If you believe you may have an active warrant issued under your name in the state of Alaska, there are several ways to perform an Alaska warrant search. One way to find out is to physically go into an Alaska law enforcement agency carrying photo identification; the law enforcement agency can perform this search for you. The obvious drawback to using this method is that you risk arrest if the law enforcement agency determines that you have a warrant out for your arrest.
Another way to check on a warrant is to use a federal, state, county, or local law enforcement website. While not every one of these law enforcement bodies maintains its own website for searching warrants, many of them do. Law enforcement agencies in Alaska that allow for online warrant searches are discussed below.
The other common way to search for warrants under a particular name in a particular state is to use a third-party search website. Public record websites that can search for a warrant may use the same public information that is available from law enforcement websites. Before paying for any third-party warrant search service, make sure you are not paying money for services that are available online for free.
Alaska Arrest Warrant Search
An Alaska arrest warrant is a legal document issued by a judge directing Alaska police officers to arrest an individual suspected of committing a crime. Running an Alaska arrest warrant is a simple process if you know the first and last name of the individual you would like to lookup. You can run a search through most any public record website, since warrants are public record.
How Alaska Arrest Warrants Are Issued
In Alaska, the process of issuing an arrest warrant typically involves the following steps:
- Probable Cause: A law enforcement officer or a prosecutor presents evidence to a judge that clearly shows probable cause that a crime has been committed and the suspect, to be named in the warrant, is responsible.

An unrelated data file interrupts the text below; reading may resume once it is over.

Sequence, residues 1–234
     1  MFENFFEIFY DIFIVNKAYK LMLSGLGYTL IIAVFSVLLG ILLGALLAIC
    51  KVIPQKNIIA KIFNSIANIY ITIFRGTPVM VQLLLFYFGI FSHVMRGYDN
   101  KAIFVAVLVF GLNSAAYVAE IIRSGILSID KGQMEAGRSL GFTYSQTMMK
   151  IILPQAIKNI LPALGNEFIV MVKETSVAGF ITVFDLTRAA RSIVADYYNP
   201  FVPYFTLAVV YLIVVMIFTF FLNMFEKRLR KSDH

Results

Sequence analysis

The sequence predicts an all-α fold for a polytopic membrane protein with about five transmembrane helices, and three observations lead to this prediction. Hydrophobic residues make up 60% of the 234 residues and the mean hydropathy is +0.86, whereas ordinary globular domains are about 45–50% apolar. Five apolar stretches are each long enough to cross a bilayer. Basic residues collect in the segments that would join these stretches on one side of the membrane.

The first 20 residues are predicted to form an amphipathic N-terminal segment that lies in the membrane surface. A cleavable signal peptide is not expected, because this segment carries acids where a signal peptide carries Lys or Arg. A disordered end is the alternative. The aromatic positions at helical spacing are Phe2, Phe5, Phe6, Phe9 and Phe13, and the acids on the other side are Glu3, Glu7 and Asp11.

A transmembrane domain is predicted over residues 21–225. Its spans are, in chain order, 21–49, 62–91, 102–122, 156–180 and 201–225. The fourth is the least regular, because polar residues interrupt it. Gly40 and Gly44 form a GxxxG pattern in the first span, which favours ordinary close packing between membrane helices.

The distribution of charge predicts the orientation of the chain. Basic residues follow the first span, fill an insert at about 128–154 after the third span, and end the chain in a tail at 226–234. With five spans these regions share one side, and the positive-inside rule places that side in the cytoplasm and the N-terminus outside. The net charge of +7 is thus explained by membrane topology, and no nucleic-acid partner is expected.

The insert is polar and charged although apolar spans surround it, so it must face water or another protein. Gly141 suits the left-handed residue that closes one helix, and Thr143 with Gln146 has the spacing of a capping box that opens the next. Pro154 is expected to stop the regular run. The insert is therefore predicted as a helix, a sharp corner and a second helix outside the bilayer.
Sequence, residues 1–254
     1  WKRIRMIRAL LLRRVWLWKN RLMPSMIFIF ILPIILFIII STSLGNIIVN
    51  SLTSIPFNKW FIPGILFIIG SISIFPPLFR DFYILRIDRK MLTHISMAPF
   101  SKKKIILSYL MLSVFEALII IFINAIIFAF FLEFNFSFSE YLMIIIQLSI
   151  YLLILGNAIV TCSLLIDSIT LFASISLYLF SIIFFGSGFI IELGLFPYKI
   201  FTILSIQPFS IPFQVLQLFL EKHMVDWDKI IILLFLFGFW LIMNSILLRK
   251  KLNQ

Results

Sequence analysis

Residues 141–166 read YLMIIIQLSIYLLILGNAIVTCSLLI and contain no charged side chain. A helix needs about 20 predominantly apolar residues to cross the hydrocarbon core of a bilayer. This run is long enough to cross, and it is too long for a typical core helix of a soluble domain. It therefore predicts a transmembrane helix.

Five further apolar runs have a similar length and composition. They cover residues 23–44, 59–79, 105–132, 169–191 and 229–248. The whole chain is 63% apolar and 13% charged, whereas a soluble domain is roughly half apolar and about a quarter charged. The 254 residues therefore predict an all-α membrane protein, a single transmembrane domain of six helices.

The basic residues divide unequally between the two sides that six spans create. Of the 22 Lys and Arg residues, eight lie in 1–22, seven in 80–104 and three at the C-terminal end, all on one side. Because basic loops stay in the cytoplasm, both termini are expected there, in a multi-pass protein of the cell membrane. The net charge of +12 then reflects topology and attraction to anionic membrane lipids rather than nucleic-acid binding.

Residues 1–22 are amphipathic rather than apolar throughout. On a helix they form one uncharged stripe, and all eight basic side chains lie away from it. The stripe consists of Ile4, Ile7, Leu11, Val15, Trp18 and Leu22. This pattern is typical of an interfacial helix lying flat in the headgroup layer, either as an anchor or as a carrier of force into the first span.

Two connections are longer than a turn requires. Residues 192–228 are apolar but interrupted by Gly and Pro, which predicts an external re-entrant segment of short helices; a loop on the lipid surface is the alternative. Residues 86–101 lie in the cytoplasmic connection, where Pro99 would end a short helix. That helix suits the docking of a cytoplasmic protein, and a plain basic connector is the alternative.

- Legal Affidavit: The police officer or prosecutor submits a written affidavit providing facts, and any evidence, to establish the probable cause for the arrest.
- Judge Decision: The relevant court judge reviews the available evidence and any affidavit provided by a police officer or lawyer and determines whether sufficient probable cause exists to issue the arrest warrant.
Alaska Bench Warrant Search
Performing an Alaska bench warrant search is relatively easy. An Alaska bench warrant is issued by a judge and requires a person to appear in an Alaska court. These might be issued to someone suspected of a crime who has missed their court date, or they could be issued for a witness to appear before the court. These are not always arrestable offenses but can carry fines and fees if a missed court appeached is the result. There are two ways to run an bench warrant search. The first is to contact the clerk of the court where you suspect you have a bench warrant. The second, and much faster method, is to use a public record website and search with a first and last name. It’s also helpful to know the age or the date of birth of the person in question as many people have the same first and last names in Alaska.